WHEELING - Following a spirited Wednesday floor debate, 23 West Virginia senators outvoted 10 opponents to lower the annual table gambling fees for the state's four casinos from $2.5 million to $1.5 million.
The matter now lies in the hands of the House of Delegates, where members will take up the matter of deciding whether to lower fees for the state's four racetracks. A version of the bill must pass in both chambers by the end of the session on April 13 before it can be signed into law by Gov. Earl Ray Tomblin.
"All we are asking for is a little bit of help in the face of heavy out-of-state competition," said Jim Simms, outgoing president and general manager of the Wheeling track, who has repeatedly said his facility may not renew its table gambling license in July if legislators do not lower the annual $2.5 million fee. The Wheeling facility projects operating its tables at a $1 million loss in 2013. Simms said the track has 105 employees whose jobs are directly tied to table gambling. "I really hope this does not become a partisan issue."
Speaking against the bill on the Senate floor Wednesday, Senate Minority Leader Mike Hall, R-Hurricane, said he was not convinced the racetracks needed the break, especially when the state's budget is so tight.
"In the year that we're asking for 7.5 percent cuts and we're resisting most pay raises, the three racetracks don't need these and it's questionable in my mind whether the one we're doing it for does," Hall said.
House Minority Leader Tim Armstead, R-Kanawha, said he would like to see financial figures from Wheeling Island before the House considers the bill. Armstead also said that flagging finances alone would not be enough to justify a break on fees for the casinos.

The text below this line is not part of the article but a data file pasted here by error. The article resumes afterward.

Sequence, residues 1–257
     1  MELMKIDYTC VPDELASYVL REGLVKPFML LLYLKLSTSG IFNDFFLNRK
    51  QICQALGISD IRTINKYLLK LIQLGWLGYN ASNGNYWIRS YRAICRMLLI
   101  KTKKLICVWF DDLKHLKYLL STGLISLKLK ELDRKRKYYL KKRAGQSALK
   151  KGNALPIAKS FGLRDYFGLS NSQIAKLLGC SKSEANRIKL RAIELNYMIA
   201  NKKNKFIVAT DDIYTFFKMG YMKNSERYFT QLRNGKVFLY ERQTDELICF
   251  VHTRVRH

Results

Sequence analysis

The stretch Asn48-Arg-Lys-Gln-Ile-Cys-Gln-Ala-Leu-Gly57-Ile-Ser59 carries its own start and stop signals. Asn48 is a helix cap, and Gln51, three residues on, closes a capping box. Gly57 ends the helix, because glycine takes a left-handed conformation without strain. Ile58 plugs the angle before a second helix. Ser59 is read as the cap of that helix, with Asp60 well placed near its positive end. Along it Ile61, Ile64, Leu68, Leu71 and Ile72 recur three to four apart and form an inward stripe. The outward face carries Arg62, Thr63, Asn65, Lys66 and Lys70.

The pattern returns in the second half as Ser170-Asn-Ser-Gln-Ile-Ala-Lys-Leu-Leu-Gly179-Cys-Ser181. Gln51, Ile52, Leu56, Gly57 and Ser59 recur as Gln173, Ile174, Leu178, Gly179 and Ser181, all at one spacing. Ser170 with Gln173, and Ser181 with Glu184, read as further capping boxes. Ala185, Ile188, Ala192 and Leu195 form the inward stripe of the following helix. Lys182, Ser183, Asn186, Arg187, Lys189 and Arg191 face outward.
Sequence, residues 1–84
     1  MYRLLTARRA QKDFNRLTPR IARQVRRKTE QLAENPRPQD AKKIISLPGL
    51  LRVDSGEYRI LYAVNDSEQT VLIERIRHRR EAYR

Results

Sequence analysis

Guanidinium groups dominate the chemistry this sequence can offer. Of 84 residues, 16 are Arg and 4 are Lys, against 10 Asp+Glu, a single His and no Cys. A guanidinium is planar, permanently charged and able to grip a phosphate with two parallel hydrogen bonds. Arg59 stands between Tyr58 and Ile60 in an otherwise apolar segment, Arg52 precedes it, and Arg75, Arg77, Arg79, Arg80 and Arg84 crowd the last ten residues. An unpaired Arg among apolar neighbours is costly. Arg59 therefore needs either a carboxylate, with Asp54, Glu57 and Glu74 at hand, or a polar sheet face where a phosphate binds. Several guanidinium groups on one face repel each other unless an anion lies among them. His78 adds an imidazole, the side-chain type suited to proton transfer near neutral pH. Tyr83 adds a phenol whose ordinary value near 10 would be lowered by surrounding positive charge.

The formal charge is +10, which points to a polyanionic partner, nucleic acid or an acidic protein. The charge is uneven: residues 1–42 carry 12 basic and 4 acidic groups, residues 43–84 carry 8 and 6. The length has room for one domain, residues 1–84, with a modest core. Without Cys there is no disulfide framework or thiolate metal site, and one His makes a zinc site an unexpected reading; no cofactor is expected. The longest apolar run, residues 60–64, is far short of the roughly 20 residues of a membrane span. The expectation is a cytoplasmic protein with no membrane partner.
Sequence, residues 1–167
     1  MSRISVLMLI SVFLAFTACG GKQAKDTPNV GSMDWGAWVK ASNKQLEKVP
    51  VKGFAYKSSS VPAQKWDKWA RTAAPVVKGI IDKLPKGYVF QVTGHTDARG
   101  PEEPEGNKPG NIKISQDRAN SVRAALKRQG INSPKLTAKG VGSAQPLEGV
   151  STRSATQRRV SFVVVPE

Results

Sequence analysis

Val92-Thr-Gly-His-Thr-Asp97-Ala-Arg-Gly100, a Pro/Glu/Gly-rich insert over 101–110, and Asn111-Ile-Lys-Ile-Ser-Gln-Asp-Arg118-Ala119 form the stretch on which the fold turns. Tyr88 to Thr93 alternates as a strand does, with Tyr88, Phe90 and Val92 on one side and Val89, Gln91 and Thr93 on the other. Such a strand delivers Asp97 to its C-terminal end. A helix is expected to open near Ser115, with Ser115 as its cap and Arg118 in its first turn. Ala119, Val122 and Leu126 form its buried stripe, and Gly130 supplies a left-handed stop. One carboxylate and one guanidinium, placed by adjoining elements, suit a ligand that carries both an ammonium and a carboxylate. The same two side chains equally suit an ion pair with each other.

"Even if they're able to justify and show us in their records and their books, again, there are many, many companies in different areas - the coal companies, the small mom-and-pop shops, the gas stations - they've all been struggling under the economic climate that we're in," Armstead said. "I would say that if you open the doors and say anyone who's struggling can get tax relief, there would be a line stretched to Braxton County."
Though these Republicans questioned the motives and needs of the Wheeling track, West Virginia Lottery Commission records show a vast discrepancy between the profitability of Wheeling Island and the Hollywood Casino at Charles Town Races in West Virginia's Eastern Panhandle. Wheeling Island generated about $5.3 million worth of revenue from table gambling from July 1 through the end of February. During the same time period, the Charles Town track saw about $104.7 million from table gambling - nearly 20 times as much as the Wheeling facility.
Sen. Rocky Fitzsimmons, D-Wheeling, and Senate President Jeff Kessler, D-Glen Dale, have said they believe the Wheeling track will eliminate its table games this year if the current $2.5 million fee is not lowered - a move that could leave 105 workers without jobs.
"We carried the ball as far as we could on our side. Now, it's up to the House to carry it over the goal line," Fitzsimmons said in using a football analogy. "But I am not in a position to predict what the House will do."
While it grappled with the problems of its existing casinos, the Senate also authorized the creation of a new one. That casino would be in Franklin, W.Va., and would hope to draw most of its customers from Virginia. The developers would have to spend at least $60 million on the project, building home sites and a hotel, in order to build the casino.
Winning the vote by a count of 25-8, the casino's supporters said its rural location would mean it would not take customers from West Virginia's other casinos.
Senate Majority Leader John Unger, D-Martinsburg, was the only Democrat to vote against both the new casino and the reduction in fees.
"We have a lot of casinos already in the state," Unger said. "Some of them aren't doing very well. They're wanting help. Adding another just doesn't make logical sense to me."